Shana Cleveland (La Luz)
Time can be crippling. It weighs over us, forever looming. In New York’s Union Square, fifteen giant illuminated digits ring up some mysterious tally from the façade of a shopping center, prompting both tourists and locals to wonder what final calculation this ominous installation heralds. Winds up it’s just a novel reinvention of the clock, with the seven numbers on the left counting the hours, minutes, and seconds that have lapsed since midnight, while the seven numbers on the right count down to the next midnight. In the middle, a digit spins in a blur, counting off hundredths of a second. It’s an art piece meant to make us ponder time and it’s relation to the city. But mostly, it just makes people anxious.
Shana Cleveland is a rare artist who seems dismissive of time. She’s been performing with a rotating batch of musicians tagged as The Sandcastles for over six years, and yet Oh Man, Cover The Ground is their first proper album. It would be easy to chalk up the delay behind the debut to a slacker lifestyle—Oh Man, Cover The Ground’s laid-back vibe certainly suggests an extremely casual approach to songcraft. But Cleveland is no slacker. In the years since she first started playing out under her own name, she’s helmed a number of other music projects; most notably her revered Girls In The Garage-inspired band La Luz. In her downtime, she’s crafted a set of 37 trading cards dedicated to obscure acoustic guitarists and a calendar of drawings depicting rock bands of yesteryear. The glacial pace of Oh Man, Cover The Ground’s development has little to do with work ethic and everything to do with doing things in a way that feels right. “I don’t really think of it as a proper band,” says Cleveland. “The line-up has been different for almost every show depending on which arrangements I thought would be best for the atmosphere. Some shows I played alone; some with bass, clarinet, and backing vocals; some with the addition of drums, cello and piano. We’ve played shows really selectively throughout the last few years—just sticking to shows that I thought sounded really interesting. Like, I’d rather play these songs for people in their bedrooms or in a field at night than on a three band bill at a bar.” In an industry fixated on striking while the iron is hot, getting an artist in front of as many people in as short of a time as possible, Cleveland’s insistence on atmosphere over arbitrary numbers is a bold move.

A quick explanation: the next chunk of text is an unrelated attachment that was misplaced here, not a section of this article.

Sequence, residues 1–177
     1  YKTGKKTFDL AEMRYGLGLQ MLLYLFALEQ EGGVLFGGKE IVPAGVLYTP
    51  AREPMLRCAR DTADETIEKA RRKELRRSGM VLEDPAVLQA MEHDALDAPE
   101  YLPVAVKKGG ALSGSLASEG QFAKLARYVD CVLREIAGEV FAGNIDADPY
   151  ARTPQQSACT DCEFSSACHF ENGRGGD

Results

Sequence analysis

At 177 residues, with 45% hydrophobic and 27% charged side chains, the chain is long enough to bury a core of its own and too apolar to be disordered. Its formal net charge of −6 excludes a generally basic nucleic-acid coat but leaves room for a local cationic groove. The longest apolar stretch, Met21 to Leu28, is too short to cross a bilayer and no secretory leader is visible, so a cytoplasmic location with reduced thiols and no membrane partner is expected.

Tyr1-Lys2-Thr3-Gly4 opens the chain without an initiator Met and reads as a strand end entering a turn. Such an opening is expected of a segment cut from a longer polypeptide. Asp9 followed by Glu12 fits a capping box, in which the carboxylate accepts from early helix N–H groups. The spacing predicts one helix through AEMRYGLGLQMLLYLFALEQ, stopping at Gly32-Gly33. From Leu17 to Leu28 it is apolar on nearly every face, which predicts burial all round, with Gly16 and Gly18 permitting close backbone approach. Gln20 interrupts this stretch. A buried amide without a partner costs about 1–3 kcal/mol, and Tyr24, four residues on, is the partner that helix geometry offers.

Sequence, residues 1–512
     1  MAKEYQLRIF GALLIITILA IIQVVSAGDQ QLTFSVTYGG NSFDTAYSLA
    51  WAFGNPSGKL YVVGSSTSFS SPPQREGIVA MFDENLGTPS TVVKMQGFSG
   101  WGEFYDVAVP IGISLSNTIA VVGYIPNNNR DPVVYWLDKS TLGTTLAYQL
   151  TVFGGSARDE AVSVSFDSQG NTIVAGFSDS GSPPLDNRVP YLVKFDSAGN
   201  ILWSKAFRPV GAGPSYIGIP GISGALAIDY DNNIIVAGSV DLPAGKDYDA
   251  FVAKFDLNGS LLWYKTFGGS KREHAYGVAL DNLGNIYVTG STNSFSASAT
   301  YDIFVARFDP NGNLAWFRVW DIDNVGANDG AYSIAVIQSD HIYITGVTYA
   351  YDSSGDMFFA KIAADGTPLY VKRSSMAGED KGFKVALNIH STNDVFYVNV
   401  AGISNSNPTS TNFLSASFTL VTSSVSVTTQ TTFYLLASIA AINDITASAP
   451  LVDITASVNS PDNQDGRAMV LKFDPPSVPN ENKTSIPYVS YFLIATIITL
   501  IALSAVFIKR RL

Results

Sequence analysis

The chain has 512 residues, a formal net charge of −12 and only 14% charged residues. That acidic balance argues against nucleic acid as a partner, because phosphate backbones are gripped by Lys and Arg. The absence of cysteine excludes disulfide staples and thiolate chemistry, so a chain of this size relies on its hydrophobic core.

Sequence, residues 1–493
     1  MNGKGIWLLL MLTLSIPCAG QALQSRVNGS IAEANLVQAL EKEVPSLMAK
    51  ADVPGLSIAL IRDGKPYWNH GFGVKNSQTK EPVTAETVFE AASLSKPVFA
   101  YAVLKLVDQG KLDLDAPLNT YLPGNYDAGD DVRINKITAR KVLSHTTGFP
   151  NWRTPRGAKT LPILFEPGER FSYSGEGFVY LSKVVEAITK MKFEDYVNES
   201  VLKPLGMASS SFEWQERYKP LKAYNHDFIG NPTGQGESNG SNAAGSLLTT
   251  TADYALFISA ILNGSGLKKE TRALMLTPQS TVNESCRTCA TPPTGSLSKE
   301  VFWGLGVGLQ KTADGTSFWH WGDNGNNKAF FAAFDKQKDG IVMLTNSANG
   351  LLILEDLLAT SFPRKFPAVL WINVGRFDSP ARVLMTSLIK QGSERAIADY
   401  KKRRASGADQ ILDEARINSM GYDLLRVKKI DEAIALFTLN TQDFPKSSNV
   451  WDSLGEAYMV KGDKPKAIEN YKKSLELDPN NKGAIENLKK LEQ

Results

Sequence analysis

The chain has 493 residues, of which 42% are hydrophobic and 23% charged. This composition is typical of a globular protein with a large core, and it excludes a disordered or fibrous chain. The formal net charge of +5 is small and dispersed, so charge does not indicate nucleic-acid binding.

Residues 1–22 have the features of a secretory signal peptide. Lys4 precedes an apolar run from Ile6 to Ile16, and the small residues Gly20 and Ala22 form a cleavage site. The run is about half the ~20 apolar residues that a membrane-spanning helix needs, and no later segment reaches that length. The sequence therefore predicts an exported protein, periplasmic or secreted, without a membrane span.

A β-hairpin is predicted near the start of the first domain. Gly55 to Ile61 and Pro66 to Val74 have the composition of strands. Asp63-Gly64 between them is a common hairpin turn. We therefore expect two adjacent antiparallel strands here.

Oh Man, Cover The Ground’s softly-stated melodies and breezy air operates on it’s own sense of time. Though the songs still settle comfortably into three-minute parcels, their gestation bucked at the convention of pop music’s stringent time format. “I’m really into meandering, fingerpicked open-tuned acoustic guitar, like John Fahey and Robbie Basho,” says Cleveland. “I started playing guitar in that style during a year right before I moved to Seattle when I was lonely and bummed out in the San Fernando Valley and found solace in spending long afternoons fingerpicking slow moving improvisations.” This casualness is evident in the music—you can hear it in the airy ambience of album opener “Butter & Eggs”, the gentle piano and strings accompaniment on the title track, the particularly Fahey-esque explorations of “Itching Around” and “SPATM”. But even the timeline of the album’s development seems to defy the ephemeral haste that permeates so much contemporary music. The bulk of Oh Man, Cover The Ground was recorded in 2011 in Shana’s basement. “I wanted it to sound casual and kind of loose like my favorite folk albums, so we didn’t practice much before recording and a few of the musicians were playing the songs for the first time.” Four years later, Suicide Squeeze Records is proud to announce that these recordings will finally be available to the public.